Kathy Dobson is a PhD student and Vanier Scholarship winner in Carleton’s School of Journalism and Communication Studies. Her research focuses on the digital divide and the social construction of poverty in Canada, examining how harmful stereotypes, myths, and narratives are created and circulated about those living in poverty through mainstream news, social media and other platforms.
Her award-winning book, With a Closed Fist: Growing up in Canada’s Toughest Neighbourhood (2011, Véhicule Press), shares an insider’s view of poverty and includes a social history of one of Canada’s most militant grassroots organizations fighting for social justice in Point St. Charles, an industrial slum in Montreal.
After completing a master’s degree in communication at Wilfrid Laurier University, Dobson chose to pursue her PhD studies at Carleton because of the unique expertise of the faculty, as well as the professional and educational opportunities she knew the school offered to support graduate students.
“The Communication and Media Studies Department at Carleton is an incredibly supportive learning environment and provides opportunities for students to not only share and receive constant feedback on their work, but also offers workshops on applying for external research funding and numerous writing boot camps on everything from how to prepare a professional academic CV to writing for and submitting an academic journal article,” says Dobson. “I’ve also been able to attend both national and international conferences to present my research.”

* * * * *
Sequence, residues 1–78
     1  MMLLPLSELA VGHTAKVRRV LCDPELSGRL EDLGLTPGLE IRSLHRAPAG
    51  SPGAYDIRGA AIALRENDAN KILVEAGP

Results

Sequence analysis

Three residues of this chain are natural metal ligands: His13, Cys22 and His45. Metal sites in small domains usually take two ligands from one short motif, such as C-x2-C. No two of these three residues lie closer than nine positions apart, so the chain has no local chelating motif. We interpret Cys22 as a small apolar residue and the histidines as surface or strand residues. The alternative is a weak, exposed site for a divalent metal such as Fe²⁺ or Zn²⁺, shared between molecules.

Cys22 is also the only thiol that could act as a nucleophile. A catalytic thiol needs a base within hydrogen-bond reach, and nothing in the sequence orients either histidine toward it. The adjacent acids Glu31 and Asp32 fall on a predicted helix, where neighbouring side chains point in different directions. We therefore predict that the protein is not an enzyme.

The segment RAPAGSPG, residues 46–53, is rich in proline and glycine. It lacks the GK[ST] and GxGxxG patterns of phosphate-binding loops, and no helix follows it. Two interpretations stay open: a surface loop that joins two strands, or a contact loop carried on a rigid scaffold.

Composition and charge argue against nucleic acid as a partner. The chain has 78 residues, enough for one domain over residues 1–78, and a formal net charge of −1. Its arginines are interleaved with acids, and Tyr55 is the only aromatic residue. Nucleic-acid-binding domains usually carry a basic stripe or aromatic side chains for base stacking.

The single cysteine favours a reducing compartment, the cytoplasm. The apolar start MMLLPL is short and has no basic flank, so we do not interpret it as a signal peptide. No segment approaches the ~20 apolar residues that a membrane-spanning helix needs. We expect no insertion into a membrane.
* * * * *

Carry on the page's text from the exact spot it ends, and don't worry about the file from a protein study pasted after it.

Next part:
Prior to starting graduate studies, Dobson worked as a journalist for almost two decades, including as a news stringer and documentary producer for CBC Radio. She wrote for publications including the Globe and Mail, National Post, Ottawa Citizen, Maclean’s and Chatelaine magazine.
After she graduates, Dobson hopes to teach in the field of communication studies while continuing her research. Discrimination based on socio-economic disadvantage is absent from Canada’s human rights legislation and she believes that contributes to ongoing discrimination and stigma experienced by Canadians living in poverty.